6. Click with caution.
    When shopping online, check out a Web site before entering your credit card number or other personal information. Read the privacy policy and look for opportunities to opt out of information sharing. (If there is no privacy policy posted, beware! Shop elsewhere.) Only enter personal information on secure Web pages with "https" in the address bar and a padlock symbol at the bottom of the browser window. These are signs that your information will be encrypted or scrambled, protecting it from hackers.

  7. Check your bills and bank statements.
    Open your credit card bills and bank statements right away. Check carefully for any unauthorized charges or withdrawals and report them immediately. Call if bills don't arrive on time. It may mean that someone has changed contact information to hide fraudulent charges.

  8. Stop pre-approved credit offers.
    Stop most pre-approved credit card offers. They make a tempting target for identity thieves who steal your mail. Have your name removed from credit bureau marketing lists. Call toll-free 888-5OPTOUT (888-567-8688).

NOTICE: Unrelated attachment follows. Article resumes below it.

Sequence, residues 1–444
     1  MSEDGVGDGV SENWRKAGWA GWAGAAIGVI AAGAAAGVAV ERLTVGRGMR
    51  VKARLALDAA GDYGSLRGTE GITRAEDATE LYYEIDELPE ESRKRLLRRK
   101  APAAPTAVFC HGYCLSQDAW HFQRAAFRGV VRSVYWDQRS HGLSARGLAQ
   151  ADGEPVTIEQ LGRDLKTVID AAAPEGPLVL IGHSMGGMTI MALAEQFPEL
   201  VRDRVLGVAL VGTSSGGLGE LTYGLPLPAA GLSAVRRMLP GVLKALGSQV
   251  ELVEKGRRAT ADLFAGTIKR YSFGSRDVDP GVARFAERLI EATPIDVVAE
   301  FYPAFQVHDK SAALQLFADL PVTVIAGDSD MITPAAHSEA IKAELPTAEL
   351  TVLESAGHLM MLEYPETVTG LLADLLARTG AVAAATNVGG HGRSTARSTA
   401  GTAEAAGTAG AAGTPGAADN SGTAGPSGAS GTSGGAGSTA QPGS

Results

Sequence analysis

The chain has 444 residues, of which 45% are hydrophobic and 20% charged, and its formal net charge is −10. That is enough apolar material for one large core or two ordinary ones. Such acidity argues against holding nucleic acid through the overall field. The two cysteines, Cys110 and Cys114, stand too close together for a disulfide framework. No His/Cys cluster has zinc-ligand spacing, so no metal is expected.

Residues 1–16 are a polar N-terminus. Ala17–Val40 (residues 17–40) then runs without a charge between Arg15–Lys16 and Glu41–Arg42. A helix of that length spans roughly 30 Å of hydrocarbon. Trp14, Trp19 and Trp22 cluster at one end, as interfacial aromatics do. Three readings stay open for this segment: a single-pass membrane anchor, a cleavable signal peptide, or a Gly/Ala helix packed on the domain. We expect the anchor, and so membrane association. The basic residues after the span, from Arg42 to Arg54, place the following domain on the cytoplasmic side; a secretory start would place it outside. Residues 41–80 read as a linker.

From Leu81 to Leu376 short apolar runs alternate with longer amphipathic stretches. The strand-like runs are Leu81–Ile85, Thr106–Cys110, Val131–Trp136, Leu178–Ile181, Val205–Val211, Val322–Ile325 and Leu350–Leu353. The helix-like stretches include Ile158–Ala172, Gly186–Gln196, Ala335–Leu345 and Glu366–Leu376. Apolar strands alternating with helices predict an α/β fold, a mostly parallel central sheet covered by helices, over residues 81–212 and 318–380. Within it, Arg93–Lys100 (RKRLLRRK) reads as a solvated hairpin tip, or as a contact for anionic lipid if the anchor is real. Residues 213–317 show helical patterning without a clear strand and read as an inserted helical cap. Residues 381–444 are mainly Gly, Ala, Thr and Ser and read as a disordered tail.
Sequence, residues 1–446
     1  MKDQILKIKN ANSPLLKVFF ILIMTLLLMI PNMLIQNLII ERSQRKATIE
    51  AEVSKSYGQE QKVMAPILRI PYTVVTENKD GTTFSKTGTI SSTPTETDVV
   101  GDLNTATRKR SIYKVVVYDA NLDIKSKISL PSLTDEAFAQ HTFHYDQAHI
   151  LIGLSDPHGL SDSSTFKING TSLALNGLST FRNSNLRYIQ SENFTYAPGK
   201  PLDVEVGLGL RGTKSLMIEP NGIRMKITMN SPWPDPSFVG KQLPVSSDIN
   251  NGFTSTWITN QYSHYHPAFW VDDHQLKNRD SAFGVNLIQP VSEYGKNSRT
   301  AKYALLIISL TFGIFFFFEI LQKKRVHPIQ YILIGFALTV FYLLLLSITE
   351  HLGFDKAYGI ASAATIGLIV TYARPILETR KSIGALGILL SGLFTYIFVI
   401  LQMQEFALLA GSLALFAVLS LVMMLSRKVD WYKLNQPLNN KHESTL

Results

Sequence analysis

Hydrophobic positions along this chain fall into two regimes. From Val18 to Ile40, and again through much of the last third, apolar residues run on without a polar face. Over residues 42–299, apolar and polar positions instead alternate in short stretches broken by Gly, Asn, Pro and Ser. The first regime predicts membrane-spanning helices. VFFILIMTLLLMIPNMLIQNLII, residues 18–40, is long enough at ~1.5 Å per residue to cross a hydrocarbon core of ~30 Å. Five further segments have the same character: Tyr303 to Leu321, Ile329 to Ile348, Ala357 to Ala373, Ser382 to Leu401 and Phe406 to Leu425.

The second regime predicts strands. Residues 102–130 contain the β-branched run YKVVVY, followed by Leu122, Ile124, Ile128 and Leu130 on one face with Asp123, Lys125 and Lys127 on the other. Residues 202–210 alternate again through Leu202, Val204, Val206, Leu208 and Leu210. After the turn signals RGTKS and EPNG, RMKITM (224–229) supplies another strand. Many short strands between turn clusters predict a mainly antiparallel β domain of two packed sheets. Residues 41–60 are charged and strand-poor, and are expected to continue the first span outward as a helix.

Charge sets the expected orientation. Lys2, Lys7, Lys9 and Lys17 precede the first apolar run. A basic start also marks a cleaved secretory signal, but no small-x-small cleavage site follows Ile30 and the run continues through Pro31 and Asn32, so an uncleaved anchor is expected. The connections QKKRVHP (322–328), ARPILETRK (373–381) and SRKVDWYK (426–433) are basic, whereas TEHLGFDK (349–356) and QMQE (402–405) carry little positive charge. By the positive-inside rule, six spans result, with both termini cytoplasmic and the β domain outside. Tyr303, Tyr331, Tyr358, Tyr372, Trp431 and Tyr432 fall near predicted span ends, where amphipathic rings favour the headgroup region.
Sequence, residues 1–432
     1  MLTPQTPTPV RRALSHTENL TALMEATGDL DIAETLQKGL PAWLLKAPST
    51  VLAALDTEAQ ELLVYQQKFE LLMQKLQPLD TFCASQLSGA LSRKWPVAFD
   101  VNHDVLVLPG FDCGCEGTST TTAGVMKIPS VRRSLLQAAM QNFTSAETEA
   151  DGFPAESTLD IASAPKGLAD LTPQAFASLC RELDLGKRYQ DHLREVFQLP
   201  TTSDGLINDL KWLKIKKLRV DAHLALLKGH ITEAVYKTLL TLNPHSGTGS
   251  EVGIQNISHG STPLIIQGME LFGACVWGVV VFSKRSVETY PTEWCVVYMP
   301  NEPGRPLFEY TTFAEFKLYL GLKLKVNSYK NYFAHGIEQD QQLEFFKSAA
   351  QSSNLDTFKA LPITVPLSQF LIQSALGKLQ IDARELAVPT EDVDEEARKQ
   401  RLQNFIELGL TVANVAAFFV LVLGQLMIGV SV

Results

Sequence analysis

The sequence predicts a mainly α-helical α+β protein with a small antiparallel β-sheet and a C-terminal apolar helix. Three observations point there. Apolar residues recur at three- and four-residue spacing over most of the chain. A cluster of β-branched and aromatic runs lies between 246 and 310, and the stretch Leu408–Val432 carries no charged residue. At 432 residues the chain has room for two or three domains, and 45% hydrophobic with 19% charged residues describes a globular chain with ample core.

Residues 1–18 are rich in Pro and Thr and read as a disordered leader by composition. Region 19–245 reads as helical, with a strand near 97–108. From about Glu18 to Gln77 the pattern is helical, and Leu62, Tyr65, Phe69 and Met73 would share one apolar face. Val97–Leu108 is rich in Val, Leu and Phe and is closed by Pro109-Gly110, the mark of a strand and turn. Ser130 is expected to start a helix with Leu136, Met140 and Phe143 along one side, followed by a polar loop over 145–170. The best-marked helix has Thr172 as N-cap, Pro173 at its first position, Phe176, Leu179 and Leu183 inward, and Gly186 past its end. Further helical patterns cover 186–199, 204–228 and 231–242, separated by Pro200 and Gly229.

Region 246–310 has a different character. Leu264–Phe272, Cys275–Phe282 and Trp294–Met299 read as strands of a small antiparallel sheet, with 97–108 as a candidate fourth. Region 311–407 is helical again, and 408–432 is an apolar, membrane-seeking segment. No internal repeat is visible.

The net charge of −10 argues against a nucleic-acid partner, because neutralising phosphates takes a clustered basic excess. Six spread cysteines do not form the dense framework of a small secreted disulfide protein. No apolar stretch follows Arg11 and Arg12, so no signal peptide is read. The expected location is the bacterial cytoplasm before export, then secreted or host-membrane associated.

9. Ask questions .
    Ask questions whenever you are asked for personal information that seems inappropriate for the transaction. Ask how the information will be used and if it will be shared. Ask how it will be protected. Explain that you're concerned about identity theft. If you're not satisfied with the answers, consider going somewhere else.

  10. Check your credit reports - for free.
    One of the best ways to protect yourself from identity theft is to monitor your credit history. You can get one free credit report every year from each of the three national credit bureaus: Equifax, Experian and Trans Union. Request all three reports at once, or be your own no-cost credit-monitoring service. Just spread out your requests, ordering from a different bureau every four months. (More comprehensive monitoring services from the credit bureaus cost from $44 to over $100 per year.) Order your free annual credit reports by phone, toll-free, at 1-877-322-8228, or online at

The Compliance Unit partners with many agencies at all levels of government in order to perform its duties on a daily basis. These agencies include but are not limited to: Immigration and Naturalization Service, Social Security Administration, Drug Enforcement Agency, and the Department of Homeland Security ( Department of Homeland Security. By working collectively with these agencies, the community and individual citizens the Compliance unit continues to impact the security of the Registry of Motor Vehicles and the citizens of the Commonwealth. Most importantly the efforts of the compliance Unit make a real difference by contributing to homeland security and the safety of our nation.

For further information about the Massachusetts State Police Compliance Unit, questions regarding identity theft or where to report an issue concerning identity theft not addressed in the above resources please call (617) 973-8935.